Mini Tutorial: Acrylic Swirls

How It’s Made

Guys, you know by now that I am OBSESSED with line work. Pretty much every variation of tutorial I post will have something to do with fine lining. I can’t help it 😉 It’s my therapy.

I will link everything I personally used to make this piece and give you general directions, but feel free to swap in your own favorite paints and supplies.

MATERIALS AND SUPPLIES I USE:

*Links contained in this post are affiliate links for Amazon or Dick Blick and I will earn a commission if you make a purchase at no additional cost to you. These commissions help fund more content like this, so thanks!

  • 10″x10″ stretched canvas (Blick– I usually order in bulk for the best deals!)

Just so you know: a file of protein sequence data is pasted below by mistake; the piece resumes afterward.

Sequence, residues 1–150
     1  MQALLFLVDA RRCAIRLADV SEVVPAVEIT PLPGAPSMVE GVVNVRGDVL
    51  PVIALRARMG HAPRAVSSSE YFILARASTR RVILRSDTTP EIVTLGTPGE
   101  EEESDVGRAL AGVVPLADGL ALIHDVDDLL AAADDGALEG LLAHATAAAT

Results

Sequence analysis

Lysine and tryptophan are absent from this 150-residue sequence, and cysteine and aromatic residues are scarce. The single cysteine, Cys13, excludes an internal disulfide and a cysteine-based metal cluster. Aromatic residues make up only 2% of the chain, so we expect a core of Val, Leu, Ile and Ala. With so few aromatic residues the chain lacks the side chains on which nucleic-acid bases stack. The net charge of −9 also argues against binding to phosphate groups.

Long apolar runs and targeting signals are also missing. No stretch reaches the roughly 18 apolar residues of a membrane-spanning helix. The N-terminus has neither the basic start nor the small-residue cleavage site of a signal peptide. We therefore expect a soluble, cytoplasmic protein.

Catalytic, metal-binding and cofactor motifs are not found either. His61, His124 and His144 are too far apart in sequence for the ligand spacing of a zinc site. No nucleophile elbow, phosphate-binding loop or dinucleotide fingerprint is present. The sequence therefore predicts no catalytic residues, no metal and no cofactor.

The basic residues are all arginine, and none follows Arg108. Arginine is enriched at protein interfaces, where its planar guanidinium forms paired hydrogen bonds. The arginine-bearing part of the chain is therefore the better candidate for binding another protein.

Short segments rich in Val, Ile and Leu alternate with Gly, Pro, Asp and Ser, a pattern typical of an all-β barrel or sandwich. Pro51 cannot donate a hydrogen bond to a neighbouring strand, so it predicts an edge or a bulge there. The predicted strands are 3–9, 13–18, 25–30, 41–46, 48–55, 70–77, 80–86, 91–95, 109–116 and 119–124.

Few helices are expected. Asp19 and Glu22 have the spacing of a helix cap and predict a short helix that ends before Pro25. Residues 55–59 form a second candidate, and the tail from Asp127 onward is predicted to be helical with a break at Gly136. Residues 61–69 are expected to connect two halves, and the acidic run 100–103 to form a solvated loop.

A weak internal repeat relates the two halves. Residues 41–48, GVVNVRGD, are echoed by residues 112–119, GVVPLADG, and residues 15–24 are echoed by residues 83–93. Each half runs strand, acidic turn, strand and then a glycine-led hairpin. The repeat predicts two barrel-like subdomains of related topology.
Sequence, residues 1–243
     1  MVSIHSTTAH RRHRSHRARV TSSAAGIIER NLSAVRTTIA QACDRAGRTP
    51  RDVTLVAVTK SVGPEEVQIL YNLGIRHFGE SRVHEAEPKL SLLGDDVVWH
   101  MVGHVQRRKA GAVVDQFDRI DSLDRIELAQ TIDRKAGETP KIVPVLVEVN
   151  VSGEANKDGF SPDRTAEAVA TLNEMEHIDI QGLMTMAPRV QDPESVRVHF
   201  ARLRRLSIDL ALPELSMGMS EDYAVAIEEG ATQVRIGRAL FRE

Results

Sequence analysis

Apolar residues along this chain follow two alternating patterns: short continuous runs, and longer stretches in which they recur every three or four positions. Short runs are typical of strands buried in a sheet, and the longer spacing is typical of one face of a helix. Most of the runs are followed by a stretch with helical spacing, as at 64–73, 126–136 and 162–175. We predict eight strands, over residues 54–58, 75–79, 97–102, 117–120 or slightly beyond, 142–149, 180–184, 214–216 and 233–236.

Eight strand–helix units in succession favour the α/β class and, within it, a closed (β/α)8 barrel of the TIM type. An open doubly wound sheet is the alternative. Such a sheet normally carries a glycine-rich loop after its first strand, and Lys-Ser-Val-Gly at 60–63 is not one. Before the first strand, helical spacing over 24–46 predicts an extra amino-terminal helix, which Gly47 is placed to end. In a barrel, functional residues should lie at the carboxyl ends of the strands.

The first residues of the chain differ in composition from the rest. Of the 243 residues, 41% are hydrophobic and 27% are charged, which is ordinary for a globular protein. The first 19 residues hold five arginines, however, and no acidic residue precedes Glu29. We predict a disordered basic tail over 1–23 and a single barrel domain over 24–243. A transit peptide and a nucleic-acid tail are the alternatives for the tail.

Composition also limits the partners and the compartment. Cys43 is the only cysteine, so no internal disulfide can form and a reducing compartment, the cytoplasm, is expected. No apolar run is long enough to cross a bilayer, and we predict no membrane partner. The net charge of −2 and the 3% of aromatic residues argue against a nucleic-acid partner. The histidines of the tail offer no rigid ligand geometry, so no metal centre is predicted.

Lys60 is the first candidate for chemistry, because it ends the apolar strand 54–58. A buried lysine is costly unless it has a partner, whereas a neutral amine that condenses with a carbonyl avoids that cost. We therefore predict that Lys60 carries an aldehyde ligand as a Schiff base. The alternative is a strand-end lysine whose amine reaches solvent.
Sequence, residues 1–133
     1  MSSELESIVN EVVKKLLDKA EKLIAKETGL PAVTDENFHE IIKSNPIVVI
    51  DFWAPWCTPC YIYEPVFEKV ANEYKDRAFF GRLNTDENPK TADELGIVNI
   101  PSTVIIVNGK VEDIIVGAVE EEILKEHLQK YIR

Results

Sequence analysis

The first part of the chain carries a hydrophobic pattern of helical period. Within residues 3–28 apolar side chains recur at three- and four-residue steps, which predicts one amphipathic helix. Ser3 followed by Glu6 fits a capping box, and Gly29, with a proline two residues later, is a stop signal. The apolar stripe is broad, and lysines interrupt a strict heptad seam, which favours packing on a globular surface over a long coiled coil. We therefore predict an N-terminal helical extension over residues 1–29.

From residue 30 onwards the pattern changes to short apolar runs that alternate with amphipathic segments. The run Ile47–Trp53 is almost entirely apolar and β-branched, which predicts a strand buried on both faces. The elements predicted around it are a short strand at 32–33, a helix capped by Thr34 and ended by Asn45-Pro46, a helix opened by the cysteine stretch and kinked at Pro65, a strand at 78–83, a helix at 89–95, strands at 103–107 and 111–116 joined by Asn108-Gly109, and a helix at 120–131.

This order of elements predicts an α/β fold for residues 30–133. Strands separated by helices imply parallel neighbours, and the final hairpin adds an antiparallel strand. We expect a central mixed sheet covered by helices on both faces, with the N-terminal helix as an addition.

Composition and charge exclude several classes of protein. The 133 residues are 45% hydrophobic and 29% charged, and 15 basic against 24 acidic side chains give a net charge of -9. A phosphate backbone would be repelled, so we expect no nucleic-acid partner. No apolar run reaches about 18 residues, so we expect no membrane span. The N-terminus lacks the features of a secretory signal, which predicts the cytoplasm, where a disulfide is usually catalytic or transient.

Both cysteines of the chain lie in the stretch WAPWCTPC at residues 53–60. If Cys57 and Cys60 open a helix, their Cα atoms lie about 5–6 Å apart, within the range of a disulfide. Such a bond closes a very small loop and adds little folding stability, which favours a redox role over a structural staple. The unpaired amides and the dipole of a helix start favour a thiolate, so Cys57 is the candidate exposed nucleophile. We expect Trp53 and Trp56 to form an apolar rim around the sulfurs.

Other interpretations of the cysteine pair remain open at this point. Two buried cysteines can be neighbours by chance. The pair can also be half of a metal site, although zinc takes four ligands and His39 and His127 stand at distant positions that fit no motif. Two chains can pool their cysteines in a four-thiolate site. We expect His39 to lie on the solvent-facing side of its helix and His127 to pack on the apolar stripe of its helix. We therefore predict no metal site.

• Acrylic Paint:
  • Paint Brushes: I love cheap synthetic brushes!
    • 1/2 inch white synthetic brush of any sort will do.
  • Catalyst Wedge (Blick or Amazon)
  • Fluid Paint Mixtures (Blue, white, and violet)
  • 2-20 gauge Fineline Precision Applicators (Blick or Amazon)
  • Liquitex High Gloss Varnish (Blick or Amazon)
    • Applied with a cheap foam brush.

General Directions:

Anytime I do a tutorial, I don’t want you to think your piece needs to look exactly like mine. Honestly, I don’t give enough direction for that to happen. I just want to give you tools and techniques to go and make your own version. So let’s get started!

THE BACKGROUND:

The Basics: For the background, you are going to slowly build up layers of color. Start light, build up darker layers, and keep adding white around the edges of each color section for a loose blend between sections.